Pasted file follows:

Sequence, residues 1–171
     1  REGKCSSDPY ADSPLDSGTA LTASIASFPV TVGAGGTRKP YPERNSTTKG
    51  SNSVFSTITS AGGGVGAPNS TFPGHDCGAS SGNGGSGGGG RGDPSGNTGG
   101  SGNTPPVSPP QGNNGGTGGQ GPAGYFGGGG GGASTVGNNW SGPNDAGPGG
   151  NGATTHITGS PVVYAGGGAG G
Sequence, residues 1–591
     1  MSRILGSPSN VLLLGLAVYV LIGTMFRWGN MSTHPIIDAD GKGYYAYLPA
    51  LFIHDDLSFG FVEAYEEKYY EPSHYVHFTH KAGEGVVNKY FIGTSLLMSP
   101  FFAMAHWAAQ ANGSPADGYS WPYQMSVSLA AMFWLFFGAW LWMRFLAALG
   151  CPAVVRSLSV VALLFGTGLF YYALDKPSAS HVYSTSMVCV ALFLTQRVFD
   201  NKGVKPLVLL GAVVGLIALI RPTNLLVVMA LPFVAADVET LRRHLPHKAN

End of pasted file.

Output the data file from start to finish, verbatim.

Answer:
Sequence, residues 1–171
     1  REGKCSSDPY ADSPLDSGTA LTASIASFPV TVGAGGTRKP YPERNSTTKG
    51  SNSVFSTITS AGGGVGAPNS TFPGHDCGAS SGNGGSGGGG RGDPSGNTGG
   101  SGNTPPVSPP QGNNGGTGGQ GPAGYFGGGG GGASTVGNNW SGPNDAGPGG
   151  NGATTHITGS PVVYAGGGAG G
Sequence, residues 1–591
     1  MSRILGSPSN VLLLGLAVYV LIGTMFRWGN MSTHPIIDAD GKGYYAYLPA
    51  LFIHDDLSFG FVEAYEEKYY EPSHYVHFTH KAGEGVVNKY FIGTSLLMSP
   101  FFAMAHWAAQ ANGSPADGYS WPYQMSVSLA AMFWLFFGAW LWMRFLAALG
   151  CPAVVRSLSV VALLFGTGLF YYALDKPSAS HVYSTSMVCV ALFLTQRVFD
   201  NKGVKPLVLL GAVVGLIALI RPTNLLVVMA LPFVAADVET LRRHLPHKAN